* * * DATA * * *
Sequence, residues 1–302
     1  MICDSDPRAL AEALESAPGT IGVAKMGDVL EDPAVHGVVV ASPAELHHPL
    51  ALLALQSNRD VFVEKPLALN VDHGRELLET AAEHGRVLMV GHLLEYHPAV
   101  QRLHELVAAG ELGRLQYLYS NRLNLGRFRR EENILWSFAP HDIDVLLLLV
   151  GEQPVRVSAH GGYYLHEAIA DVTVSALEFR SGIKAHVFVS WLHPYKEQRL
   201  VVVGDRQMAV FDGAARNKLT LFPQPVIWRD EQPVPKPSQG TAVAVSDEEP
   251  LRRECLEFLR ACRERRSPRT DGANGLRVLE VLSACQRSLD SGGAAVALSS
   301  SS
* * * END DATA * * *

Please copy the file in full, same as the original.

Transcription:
Sequence, residues 1–302
     1  MICDSDPRAL AEALESAPGT IGVAKMGDVL EDPAVHGVVV ASPAELHHPL
    51  ALLALQSNRD VFVEKPLALN VDHGRELLET AAEHGRVLMV GHLLEYHPAV
   101  QRLHELVAAG ELGRLQYLYS NRLNLGRFRR EENILWSFAP HDIDVLLLLV
   151  GEQPVRVSAH GGYYLHEAIA DVTVSALEFR SGIKAHVFVS WLHPYKEQRL
   201  VVVGDRQMAV FDGAARNKLT LFPQPVIWRD EQPVPKPSQG TAVAVSDEEP
   251  LRRECLEFLR ACRERRSPRT DGANGLRVLE VLSACQRSLD SGGAAVALSS
   301  SS